Cureus. 2023 Jan 8;15(1):e33503. doi: 10.7759/cureus.33503. eCollection 2023 Jan.
Background Upper gastrointestinal bleeding (GIB) is an important cause of emergency ward admission. Antifibrinolytic agents including tranexamic acid (TXA) have been used for controlling GIB. However, there have been concerns regarding the safety and efficacy of TXA in patients with GIB. Thus, in this study, we aimed to determine the efficacy of TXA in the treatment of massive upper GIB. Methodology This double-blind randomized clinical trial was conducted among 86 consecutive patients who were referred to Imam Hossein Hospital in Tehran, Iran from 2018 to 2019 with the chief complaint of massive upper GIB. Patients were chosen to be in the TXA or placebo groups based on a 1:1 allocation using the block randomization method. The rate of rebleeding, need for blood transfusion, hospital stay, adverse effects, and mortality rate were evaluated and compared across the groups. Results Of the 86 patients enrolled in this study, 55.8% (n = 48) were males. The mean age of all patients was 53.1 ± 10.6 years (TXA group: 54.9 ± 11.5 years, and placebo group: 51.4 ± 9.7 years). Rebleeding was seen in 11 (25.6%) patients in the TXA group and in 20 (46.5%) patients in the control group, which was statistically significant (p = 0.043). Blood transfusion was carried out in only three (7%) patients in the TXA group compared with 14 (32.6%) patients in the placebo group (p = 0.003). Six (14%) patients experienced a hospital stay of longer than five days in the TXA group and 15 (34.9%) patients in the control group, which was statistically significant (p = 0.024). There were no significant differences in the mortality rate across both groups (p > 0.05). Conclusions TXA has no effect on mortality associated with severe upper GIB. However, it was associated with a lower rate of rebleeding and hospitalization time, without significant adverse effects.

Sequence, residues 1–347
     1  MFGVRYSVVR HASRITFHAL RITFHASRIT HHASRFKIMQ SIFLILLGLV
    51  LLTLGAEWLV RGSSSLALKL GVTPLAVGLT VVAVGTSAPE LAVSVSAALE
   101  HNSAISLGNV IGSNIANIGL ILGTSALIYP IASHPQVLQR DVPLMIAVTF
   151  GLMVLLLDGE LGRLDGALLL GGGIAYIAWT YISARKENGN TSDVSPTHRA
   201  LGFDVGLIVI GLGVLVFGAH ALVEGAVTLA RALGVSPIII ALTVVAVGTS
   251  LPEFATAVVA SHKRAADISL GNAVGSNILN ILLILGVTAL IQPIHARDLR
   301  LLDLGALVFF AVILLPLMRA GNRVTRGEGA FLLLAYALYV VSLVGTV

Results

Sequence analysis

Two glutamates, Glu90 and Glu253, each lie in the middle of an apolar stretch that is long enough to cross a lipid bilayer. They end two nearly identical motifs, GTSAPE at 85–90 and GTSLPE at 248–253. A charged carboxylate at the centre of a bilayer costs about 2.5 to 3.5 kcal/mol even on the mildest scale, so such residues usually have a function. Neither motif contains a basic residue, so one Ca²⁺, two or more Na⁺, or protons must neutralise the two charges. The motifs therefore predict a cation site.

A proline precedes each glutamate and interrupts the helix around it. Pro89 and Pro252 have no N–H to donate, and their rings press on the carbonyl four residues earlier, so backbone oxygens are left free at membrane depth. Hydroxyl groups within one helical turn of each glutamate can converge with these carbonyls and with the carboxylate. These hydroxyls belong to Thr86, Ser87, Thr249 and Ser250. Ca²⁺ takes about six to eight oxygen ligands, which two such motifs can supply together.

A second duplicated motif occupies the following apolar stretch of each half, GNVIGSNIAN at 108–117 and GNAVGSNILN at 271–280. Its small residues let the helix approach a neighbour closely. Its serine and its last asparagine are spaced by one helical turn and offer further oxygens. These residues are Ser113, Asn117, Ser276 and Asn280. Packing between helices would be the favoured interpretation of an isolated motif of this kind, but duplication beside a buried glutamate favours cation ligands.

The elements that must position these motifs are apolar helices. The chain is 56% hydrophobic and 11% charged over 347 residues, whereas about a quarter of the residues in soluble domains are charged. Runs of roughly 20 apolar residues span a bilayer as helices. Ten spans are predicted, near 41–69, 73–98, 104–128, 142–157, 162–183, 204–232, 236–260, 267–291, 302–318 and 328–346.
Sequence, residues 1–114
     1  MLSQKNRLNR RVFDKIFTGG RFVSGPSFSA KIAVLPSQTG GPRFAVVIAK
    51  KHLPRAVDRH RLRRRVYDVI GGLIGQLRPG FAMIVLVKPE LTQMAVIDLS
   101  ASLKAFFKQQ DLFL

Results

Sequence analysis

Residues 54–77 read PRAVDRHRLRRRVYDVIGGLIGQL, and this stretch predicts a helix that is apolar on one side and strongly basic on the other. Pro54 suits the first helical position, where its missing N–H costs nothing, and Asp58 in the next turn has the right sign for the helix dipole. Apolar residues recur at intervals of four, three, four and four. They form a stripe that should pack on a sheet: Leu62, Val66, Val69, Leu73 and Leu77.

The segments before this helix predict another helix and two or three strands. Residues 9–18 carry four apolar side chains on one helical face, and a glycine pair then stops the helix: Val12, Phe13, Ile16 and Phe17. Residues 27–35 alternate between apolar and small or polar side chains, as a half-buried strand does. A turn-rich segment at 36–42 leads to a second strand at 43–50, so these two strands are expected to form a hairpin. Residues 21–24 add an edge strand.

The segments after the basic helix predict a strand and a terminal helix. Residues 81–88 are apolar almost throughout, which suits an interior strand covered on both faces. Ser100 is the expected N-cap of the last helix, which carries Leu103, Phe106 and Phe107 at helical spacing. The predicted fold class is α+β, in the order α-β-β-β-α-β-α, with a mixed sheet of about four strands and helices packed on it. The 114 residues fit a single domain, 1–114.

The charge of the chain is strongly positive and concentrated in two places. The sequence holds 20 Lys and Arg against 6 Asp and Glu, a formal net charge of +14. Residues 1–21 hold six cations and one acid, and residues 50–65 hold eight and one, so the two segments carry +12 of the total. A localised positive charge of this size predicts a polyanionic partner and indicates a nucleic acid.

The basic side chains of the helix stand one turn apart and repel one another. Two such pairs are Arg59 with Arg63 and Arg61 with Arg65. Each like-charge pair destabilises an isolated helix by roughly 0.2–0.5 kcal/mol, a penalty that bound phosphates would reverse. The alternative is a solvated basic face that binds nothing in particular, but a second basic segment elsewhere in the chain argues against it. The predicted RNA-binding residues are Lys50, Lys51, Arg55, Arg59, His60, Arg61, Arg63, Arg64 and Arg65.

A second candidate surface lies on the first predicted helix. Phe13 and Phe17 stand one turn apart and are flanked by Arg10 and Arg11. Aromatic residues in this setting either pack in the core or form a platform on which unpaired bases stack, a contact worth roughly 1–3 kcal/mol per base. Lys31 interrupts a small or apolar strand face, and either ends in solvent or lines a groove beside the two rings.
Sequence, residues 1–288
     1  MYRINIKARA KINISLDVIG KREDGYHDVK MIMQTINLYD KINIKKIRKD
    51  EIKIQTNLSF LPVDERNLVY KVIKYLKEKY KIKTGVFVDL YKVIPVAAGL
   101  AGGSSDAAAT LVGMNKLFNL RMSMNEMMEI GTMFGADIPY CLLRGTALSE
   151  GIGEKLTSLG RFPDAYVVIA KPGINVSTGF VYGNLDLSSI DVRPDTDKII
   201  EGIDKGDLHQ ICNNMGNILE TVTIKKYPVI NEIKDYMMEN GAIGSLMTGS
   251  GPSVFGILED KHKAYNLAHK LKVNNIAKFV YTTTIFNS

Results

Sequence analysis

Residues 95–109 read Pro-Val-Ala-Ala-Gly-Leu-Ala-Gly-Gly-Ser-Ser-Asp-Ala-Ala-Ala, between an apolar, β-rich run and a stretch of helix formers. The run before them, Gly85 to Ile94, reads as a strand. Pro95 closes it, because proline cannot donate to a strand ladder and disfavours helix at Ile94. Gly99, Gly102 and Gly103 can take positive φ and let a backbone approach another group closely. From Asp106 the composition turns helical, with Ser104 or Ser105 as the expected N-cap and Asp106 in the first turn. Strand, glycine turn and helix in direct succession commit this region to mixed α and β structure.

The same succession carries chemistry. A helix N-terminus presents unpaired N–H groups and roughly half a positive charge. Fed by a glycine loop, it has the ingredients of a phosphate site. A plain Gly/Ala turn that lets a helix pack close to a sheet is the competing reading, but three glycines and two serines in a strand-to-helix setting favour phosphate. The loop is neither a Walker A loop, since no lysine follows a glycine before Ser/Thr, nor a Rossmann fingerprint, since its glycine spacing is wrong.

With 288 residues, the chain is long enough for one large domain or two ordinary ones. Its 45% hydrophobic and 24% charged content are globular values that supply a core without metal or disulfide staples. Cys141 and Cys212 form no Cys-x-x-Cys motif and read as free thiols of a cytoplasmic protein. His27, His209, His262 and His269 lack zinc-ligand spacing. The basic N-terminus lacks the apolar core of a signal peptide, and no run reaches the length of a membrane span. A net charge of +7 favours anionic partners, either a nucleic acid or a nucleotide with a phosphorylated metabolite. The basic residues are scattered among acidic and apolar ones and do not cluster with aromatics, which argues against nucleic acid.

PMID:36756018 | PMC:PMC9904391 | DOI:10.7759/cureus.33503